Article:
Two kinds of interlocked supramolecular complexes that display stimulus-responsive assembly and disassembly have been described. One is a pseudorotaxane driven by hydrogen-bonding interactions between rings 2a and 2b and rods 1a and 1b. The rods contain a binding site for the ring as well as a stimulus-responsive diazo group, both of which are conformationally constrained in parallel by connecting them to a rigid xanthene skeleton. The trans isomer of 1a bearing a rigid binding site cannot form the pseudorotaxanes with the rings 2a and 2b because the neighboring diazophenyl group sterically shields the binding site. However, when trans-1a was converted to the corresponding cis-1a by UV light, the pseudorotaxanes are immediately formed with association constants of 70 ± 10 M-1 and (1.1 ± 0.1) × 103 M-1 for 2a and 2b, respectively, in CDCl3 at 24 ± 1°C. The pseudorotaxanes are completely disassembled into their molecular component when heated at 80-85°C for 20 min. The assembly and disassembly processes can be reversibly cycled by repeating irradiation and heating alternatively. In the case of the rod 1b that possesses a flexible binding site, both cis and trans isomers can form the corresponding pseudorotaxanes with association constants of (2.0 ± 0.3) × 10 2 M-1 for 2a and trans-1b and of (7.4 ± 0.5) × 102 M-1 for 2a and cis-1b in CDCl3 at 24 ± 1°C. In this system, therefore, external stimuli can modulate the relative distribution of the pseudorotaxane and its components. Finally, the work was extended to the construction of a kinetically more stable molecular machine based on a rotaxane-like complex 10-11 between a metallocycle 11 and a dumbbell 10. In this system, the complex and its components showed separate sets of the signals, not the averaged, in 1H NMR spectroscopy as expected by the increased kinetic stability.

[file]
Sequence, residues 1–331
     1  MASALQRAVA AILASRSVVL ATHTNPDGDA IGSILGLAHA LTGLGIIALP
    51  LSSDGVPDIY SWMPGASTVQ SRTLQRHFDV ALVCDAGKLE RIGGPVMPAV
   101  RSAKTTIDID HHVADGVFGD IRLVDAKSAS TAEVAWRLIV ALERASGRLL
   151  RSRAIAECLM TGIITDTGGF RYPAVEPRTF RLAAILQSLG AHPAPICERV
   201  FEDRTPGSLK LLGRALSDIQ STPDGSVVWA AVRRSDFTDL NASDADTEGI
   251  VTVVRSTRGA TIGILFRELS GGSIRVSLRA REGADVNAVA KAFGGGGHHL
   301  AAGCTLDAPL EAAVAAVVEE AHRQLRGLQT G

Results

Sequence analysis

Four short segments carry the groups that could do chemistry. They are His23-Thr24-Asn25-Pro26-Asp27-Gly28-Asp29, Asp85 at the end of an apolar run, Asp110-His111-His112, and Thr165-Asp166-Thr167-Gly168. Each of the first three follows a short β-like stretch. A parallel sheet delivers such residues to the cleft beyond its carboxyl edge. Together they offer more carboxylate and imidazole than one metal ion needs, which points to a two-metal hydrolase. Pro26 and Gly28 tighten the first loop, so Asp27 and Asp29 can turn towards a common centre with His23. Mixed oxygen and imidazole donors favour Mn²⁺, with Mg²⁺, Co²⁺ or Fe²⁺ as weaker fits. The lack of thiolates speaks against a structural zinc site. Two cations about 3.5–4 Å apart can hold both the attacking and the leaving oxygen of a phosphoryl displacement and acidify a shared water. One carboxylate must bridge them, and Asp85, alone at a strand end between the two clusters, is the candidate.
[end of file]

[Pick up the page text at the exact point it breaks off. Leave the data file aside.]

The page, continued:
All Science Journal Classification (ASJC) codes
- Organic Chemistry